SARS is closely related to COVID-19, but it was contained and died out before a vaccine could be developed. Iin 2012 another Coronavirus showed up in humans – Middle East respiratory syndrome (MERS-CoV) which once again was thought to be transmitted by bats. Scientists compared the virus surface spikes of MERS-CoV to a related bat coronavirus HKU4 which cannot mediate entry into a human, but only two mutations (on the MERS-CoV spike) were required to enable it to do so, thus enabling the virus to enter a human cell.

The coronavirus that recently crossed over to a human most likely came from a horseshoe bat; and it was an Asian fruit bat that transmitted the Nipah virus to humans in Malaysia in 1998. In Central Africa Ebola virus probably crossed over from a fruit bat before reaching epidemic proportions in 2014, and at least 300 strains of coronavirus are now known to be circulating in bats.

Why Bats?

The reason relates directly to the evolution of flight in the order of mammals (Chiroptera). A flying bat has a metabolic rate two and a half to three times the requirements of an active non-flying mammal of similar size. Essentially, flight should be detrimental to a bat’s health – the oxidative stress of a high metabolic rate inducing the release of free radicals which damage DNA. To overcome the toxicity, bats have evolved mechanisms to minimise the problem and also repair damaged DNA; in the process the gene variants involved provide protection by boosting the immune system, allowing bats to carry viruses without serious consequences, which makes them ideal hosts for coronaviruses to inhabit.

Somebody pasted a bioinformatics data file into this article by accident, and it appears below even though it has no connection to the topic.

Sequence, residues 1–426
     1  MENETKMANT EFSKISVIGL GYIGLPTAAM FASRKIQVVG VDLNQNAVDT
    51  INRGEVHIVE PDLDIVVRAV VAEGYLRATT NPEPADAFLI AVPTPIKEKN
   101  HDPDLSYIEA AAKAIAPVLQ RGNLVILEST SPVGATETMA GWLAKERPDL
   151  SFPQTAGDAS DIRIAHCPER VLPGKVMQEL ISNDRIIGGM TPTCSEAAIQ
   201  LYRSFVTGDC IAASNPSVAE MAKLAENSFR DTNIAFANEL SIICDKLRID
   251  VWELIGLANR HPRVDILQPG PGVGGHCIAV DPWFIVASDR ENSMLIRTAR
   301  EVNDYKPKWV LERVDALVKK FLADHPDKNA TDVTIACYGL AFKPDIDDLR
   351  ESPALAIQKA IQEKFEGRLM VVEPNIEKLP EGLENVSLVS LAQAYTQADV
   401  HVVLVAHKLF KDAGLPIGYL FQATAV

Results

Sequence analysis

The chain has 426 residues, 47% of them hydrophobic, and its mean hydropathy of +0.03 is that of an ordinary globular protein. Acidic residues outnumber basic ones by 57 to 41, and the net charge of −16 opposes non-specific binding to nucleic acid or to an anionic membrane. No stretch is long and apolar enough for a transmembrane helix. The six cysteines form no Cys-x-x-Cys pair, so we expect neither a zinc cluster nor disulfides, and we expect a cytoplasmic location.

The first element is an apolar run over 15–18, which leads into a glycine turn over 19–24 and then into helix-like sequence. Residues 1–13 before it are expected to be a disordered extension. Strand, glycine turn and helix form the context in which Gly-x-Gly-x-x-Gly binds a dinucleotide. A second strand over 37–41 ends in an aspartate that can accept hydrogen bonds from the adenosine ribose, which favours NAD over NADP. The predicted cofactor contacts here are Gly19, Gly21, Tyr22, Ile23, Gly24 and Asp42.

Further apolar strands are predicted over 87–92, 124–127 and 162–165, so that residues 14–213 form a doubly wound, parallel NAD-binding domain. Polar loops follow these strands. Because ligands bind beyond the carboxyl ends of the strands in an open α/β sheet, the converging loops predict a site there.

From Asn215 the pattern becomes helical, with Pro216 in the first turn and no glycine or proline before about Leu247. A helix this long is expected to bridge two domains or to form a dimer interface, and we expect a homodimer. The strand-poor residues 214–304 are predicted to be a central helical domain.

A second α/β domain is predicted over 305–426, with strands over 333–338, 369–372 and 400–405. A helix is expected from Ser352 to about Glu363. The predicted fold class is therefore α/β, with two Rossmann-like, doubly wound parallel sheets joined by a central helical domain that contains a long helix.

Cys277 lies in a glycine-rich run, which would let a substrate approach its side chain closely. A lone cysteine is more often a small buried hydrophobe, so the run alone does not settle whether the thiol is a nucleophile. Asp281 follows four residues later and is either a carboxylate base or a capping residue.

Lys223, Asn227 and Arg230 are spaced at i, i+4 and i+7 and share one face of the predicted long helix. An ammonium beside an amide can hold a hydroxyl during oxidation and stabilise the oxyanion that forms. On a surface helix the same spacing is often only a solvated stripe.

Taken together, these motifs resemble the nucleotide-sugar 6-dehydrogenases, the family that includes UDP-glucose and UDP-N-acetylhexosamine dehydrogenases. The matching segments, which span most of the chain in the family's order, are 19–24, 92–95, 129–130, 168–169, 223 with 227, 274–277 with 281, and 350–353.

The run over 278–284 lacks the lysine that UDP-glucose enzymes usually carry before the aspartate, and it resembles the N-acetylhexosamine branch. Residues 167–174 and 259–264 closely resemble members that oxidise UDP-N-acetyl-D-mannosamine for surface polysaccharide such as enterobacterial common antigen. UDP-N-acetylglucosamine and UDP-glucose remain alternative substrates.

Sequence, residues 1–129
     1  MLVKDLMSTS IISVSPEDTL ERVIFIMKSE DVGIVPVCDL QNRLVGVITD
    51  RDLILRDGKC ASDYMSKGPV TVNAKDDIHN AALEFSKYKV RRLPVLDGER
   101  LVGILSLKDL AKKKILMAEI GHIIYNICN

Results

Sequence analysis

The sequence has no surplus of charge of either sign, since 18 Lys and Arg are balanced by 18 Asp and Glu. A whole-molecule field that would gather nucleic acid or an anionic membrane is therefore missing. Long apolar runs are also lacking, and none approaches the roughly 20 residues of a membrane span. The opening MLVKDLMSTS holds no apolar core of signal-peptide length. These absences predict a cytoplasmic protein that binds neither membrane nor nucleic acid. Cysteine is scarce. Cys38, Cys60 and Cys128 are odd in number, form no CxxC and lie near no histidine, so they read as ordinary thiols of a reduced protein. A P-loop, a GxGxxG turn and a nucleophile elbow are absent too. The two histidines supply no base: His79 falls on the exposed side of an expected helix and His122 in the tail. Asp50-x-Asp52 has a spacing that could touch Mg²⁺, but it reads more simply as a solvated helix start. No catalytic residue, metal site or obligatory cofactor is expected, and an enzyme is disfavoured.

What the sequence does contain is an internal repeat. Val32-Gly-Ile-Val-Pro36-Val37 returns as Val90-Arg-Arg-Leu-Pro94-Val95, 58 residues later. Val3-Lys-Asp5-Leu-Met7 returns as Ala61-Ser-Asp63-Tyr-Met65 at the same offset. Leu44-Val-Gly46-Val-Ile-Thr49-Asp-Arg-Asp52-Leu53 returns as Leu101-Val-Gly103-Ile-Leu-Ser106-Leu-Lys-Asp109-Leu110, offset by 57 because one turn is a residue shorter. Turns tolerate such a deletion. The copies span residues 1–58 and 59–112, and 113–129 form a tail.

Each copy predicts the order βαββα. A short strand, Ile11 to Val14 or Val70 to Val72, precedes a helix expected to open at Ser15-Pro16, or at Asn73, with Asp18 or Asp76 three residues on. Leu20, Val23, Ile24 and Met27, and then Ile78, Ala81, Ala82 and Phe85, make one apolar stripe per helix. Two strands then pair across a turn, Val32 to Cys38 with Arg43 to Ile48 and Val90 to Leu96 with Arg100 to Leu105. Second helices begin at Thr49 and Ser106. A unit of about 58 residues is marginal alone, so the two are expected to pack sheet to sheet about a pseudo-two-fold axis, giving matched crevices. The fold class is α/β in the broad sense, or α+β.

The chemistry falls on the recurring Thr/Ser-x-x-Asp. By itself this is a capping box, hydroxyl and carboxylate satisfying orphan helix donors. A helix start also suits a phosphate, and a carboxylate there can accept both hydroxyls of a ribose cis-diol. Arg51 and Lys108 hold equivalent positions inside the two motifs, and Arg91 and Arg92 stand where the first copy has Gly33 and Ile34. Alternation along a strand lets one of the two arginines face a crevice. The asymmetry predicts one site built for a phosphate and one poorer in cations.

The next question is how does coronavirus get into a human in the first place – what is the physics and chemistry of the process: certainly the spiky surface of the organism is an important part of the story. The virus must firstly get into the respiratory tract of a human, once there it has to enter a cell and this is achieved when the oily layer coating a spike manages to combine with the membrane on a cells surface. If fusion occurs the virus may then enter the cell and mutations of the proteins contained on the spike’s surface are important factors in transmissibility – if everything falls into place the coronavirus will infect its new host.